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PEAK Grantmaking

Weekly Reads—September 17, 2021

Enjoy PEAK’s weekly roundup of timely insights from the grantmaking community and beyond.

“A critical element of embracing better ways of operating is centering disability inclusion to make our organizations safer and better for employees, grantees, and community members. To be sure, the work of disability inclusion is not merely tangential to diversity, equity, and inclusion efforts based on race, gender identity, or sexual orientation; in fact, if anything, it’s a prerequisite. People with disabilities belong to every identity group—ableism compounds with racism, sexism, homophobia, xenophobia, and other oppressive systems to magnify their impact. But when we expand disability inclusion and integrate accommodations throughout our workplaces, we make them more inclusive for all marginalized people, creating policies that benefit everyone.” [more]
Darren Walker and Rebecca Cokley, Ford Foundation, for the Council on Foundations

“Moonshot challenges such as climate change and the crisis in democracy are political problems even more than they are technical challenges. Solving them requires building broad political consensus, overcoming entrenched and powerful interests, and engaging in a complex, societywide renegotiation of how we organize and regulate our economy and structure our political institutions. Doing this effectively will require large-scale investments in grassroots movements and advocacy strategies to build the political will among government leaders to enact lasting structural solutions.” [more]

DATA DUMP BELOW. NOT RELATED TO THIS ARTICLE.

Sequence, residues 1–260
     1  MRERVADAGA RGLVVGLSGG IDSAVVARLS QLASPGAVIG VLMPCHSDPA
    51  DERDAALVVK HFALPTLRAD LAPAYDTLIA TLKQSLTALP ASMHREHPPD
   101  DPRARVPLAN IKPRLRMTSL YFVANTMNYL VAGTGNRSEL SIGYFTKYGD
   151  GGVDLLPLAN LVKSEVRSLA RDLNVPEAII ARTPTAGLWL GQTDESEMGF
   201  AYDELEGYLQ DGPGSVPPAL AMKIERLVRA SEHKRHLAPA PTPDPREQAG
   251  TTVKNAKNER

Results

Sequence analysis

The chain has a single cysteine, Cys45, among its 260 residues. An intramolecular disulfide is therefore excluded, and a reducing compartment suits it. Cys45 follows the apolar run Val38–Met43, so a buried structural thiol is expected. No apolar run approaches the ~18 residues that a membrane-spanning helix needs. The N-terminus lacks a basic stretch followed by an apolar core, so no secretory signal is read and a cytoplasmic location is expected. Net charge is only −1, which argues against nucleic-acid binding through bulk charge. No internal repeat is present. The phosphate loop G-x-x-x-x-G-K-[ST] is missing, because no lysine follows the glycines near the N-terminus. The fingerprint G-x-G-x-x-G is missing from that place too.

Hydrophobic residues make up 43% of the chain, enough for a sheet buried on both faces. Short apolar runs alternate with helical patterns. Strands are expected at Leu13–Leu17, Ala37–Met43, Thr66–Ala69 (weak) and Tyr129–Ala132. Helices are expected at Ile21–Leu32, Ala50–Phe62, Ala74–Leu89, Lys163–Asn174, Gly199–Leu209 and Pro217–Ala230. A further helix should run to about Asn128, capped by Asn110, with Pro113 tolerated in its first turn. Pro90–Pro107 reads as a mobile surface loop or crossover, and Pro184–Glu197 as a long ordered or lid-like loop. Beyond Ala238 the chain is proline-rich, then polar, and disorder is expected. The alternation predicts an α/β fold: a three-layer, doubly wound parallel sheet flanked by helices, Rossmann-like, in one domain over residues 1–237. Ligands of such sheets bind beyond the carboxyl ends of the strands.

Loren McArthur, Arabella Advisors, in The Chronicle of Philanthropy

“[T]here is an increased call for organizations to be transparent about the demographic makeup of our grantees. So, there was this very clear need for us to have this kind of information, and we simply didn’t have it. […] This data collection will be one way to inform us on how we are advancing diversity, equity, inclusion, and justice in our grantmaking so we can work to create more positive experiences for organizations led by and serving people of color.” [more]
Nancy Lindborg, The David and Lucile Packard Foundation and Bradford K. Smith, Candid

“[Guiding a Giving Response to Anti-Black Injustice] offers philanthropy potential paths to invest in organizations and movements within the Black-led racial justice ecosystem. It provides principles for giving that can help funders make investments with sustained change in mind, and highlights priority investment areas and example organizations within those areas that represent tangible opportunities.” [more]
Susan Taylor Batten and Edward M. Jones, ABFE with Leslie MacKrell and Jerry Petit-Frere, The Bridgespan Group